Last year, Tennessee topped the nation in bankruptcy filings with 36,052 total filings, or about six per 1,000 residents.

A big reason is that Tennessee is a creditor-friendly state that makes it easy for creditors to garnish wages and foreclose on someone’s home, says Larry Ahern, a bankruptcy attorney and partner at Brown & Ahern. He also is an adjunct professor at Vanderbilt Law School.

Ahern

“The result is that debtors are pushed to act perhaps faster than they would in other states to restrain the action by filing a bankruptcy,” Ahern explains.

“It tends to leave people with fewer options other than simply filing bankruptcy to preserve their wages and their properties.”

These days, his clients aren’t coming in because the economy is bad or they owe more than their home is worth, which was the story of the recession. Personal problems are now the bigger issue, problems that don’t go away just because business and the economy is good.

“I had developers and contractors streaming in here during the recession, and it was the same thing every time – I have this land or I have these houses and they’re not selling and this is all I know how to do and now I’m not cash flowing, and the bank is coming down on me,” Niarhos explains. “Those were actually way easier to fix.

“Now it’s about something bad personally happening, whether it’s divorce, illness or a business partner defrauding them, you name it, it’s just some incredible soap opera walking in my door all the time now. Everything I have now is complicated.”

Often clients don’t seek help until they’ve compounded their problems and it’s too late to fix them. They’ve cashed out their retirement plans and incurred huge tax penalties to pay off a creditor, not realizing that retirement plans such as a 401(k) or an IRA are exempt under bankruptcy law. They could have gone bankrupt and kept their retirement nest egg intact.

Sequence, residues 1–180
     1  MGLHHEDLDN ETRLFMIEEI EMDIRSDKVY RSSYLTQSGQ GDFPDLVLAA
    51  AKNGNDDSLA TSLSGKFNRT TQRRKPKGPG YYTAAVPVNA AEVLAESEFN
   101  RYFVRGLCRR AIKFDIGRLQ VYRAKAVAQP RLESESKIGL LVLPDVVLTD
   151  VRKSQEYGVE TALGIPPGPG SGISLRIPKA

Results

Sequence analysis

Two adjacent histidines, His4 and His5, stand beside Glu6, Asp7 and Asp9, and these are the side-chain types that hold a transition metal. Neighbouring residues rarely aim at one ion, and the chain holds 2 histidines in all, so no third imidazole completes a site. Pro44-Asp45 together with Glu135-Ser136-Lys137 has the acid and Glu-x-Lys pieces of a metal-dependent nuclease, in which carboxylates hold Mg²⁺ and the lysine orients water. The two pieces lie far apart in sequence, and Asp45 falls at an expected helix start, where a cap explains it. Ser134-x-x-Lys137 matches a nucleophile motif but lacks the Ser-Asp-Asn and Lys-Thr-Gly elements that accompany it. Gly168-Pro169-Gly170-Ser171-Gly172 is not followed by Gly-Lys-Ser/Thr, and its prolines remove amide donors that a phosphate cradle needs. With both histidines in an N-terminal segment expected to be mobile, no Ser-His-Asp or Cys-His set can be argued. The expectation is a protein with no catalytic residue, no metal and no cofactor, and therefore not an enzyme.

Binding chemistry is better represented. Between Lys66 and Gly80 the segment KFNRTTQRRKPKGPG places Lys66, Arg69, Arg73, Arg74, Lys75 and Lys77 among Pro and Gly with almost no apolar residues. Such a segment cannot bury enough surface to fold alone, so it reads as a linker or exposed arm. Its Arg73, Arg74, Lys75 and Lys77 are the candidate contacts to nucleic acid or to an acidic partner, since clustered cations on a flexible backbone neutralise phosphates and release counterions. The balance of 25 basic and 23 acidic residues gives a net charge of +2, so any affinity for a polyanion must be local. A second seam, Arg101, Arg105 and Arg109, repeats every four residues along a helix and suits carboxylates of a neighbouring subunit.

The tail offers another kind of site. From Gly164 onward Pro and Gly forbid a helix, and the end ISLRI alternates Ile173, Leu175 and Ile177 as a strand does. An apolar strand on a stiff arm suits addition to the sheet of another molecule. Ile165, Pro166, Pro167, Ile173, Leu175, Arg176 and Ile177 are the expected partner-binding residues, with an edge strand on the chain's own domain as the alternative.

Some mistakenly believe they can save their home by transferring the deed to a spouse’s name, only to find out that they needed to have only one name on the loan note.

Another pitfall is signing for school loans, which, like tax debt, is not dischargeable in bankruptcy.

“So when you take out the loan for your kid to go to college, it’s essentially wiping out two generations if your kid can’t pay the loan back,” Niarhos points out. “And those end up being pretty hefty numbers.”

Helping people in their worst time

Niarhos says he started his career at a big law firm on the other side of bankruptcy – doing work on behalf of creditors. After a successful foray into real estate, he reentered the legal profession – this time on the debtor side. It turned out to be his calling.

“I chose to go back and do debtor work because I just felt like it would be more fulfilling to help people every day. Little did I know that it was right up my alley. My favorite part is sitting in the conference room and strategizing as to how I can help these people.”

The work is so challenging and satisfying, Niarhos adds, that he often doles out free advice to desperate people who cold-call his office –even if they’re not a client he can work with.

“I always take people’s calls who are in trouble and talk to them for 30 minutes and see if I can get them pointed in the right direction, or tell them what to say to the credit card company,” Niarhos points out.

“Lawyers get such a bad rap. People have no idea that we are here all day helping people who are in trouble, who are at a point in their life where they really need someone that gives a damn.

“And that part of the job, I’ve got to tell you, that’s what makes it all worthwhile.”